Nonetheless, it is questionable whether the family planning allocations can actually be carried out in some provinces. Public health officials and family planning advocates told IRIN, a public information service of the United Nations Office for the Coordination of Humanitarian Affairs, that officials in the country’s local governments and politicians concerned about losing the votes of Catholic supporters may simply ignore the measure’s provisions. Getting aid to the poorest is crucial since it is they who have the highest fertility rates.
The money for the new family planning initiative will have to come from 2012 general budget allocations of US$990 million, IRIN said. Health department officials say the move is aimed at cutting maternal mortality rates, which went from just 162 deaths per 100,000 live births in 2006 to 221 in 2011 - a rise of 35 percent - according to the government’s 2011 Family Health Survey. Life expectancy is running well below East Asia as a whole, at 68 years in 2010 compared with 72 years for the rest of Asia.
Philippine population has been on an inexorable rise since the early 1960s. At that point, the country’s population was roughly the same size as Thailand’s, at about 40 million. However, there are now nearly 95 million Filipinos against 65 million Thais, testament to Thailand’s extremely successful birth control program. Health officials say at this pace the Philippines will likely miss the UN Millennium Development Goal (MDG) of reducing the 1990 maternal mortality ratio (MMR) by three-quarters by 2015.
“This difference… is attributed to Thailand's very successful [family planning] program, In other words, ours has been unsuccessful,” Esmeraldo Ilem, head of the Jose Fabella Memorial Hospital, the national maternity facility in the capital, Manila, told IRIN.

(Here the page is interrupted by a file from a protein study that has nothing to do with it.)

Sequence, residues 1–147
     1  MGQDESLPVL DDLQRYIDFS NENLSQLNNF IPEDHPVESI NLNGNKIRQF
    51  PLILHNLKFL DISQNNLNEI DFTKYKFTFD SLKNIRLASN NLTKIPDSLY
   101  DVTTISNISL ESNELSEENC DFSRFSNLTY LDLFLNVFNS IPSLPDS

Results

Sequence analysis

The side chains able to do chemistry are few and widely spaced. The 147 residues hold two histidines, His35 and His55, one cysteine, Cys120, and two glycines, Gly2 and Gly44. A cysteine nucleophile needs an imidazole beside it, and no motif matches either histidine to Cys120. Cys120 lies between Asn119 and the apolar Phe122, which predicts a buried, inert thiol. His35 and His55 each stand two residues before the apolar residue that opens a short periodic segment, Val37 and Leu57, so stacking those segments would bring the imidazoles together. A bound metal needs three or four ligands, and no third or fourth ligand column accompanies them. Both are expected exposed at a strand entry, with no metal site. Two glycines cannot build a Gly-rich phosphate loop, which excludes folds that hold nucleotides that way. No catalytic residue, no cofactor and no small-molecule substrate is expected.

Under pressure from the church, the Philippine government discontinued its family planning programs during the administration of Aquino’s mother, Corazon. They were revived sporadically but opposed by Gloria Arroyo, who sought the help of the Catholic church in her fight to stay in office. Foreign governments and NGOs have so far filled the funding gap, but the global financial crisis and changing geopolitical priorities have forced them to cut back on aid, Philippine government officials told IRIN. In 2005 donors provided $4.4 million for contraceptives, with the US government contributing most of the money, according to the public-private Reproductive Health Supplies Coalition, which tracks shipments of reproductive health supplies.
Funding for contraception was half that amount in 2011 as the global financial crisis cut into spendng by philanthropical organizations. The International Planned Parenthood Federation, Marie Stopes International - a global reproductive health NGO - and the UN Population Fund (UNFPA) together provided US$2.2 million for contraceptives, with $836,000 coming from UNFPA.
As a result, some six million Filipina women reported an "unmet need" for modern family planning services, according to the health department.
"These are women who are too old or too young to give birth, or those who already have too many [children], yet still come here and bear babies because they do not have proper access to health services,” Ilem told IRIN as he made the rounds in Fabella's crowded wards.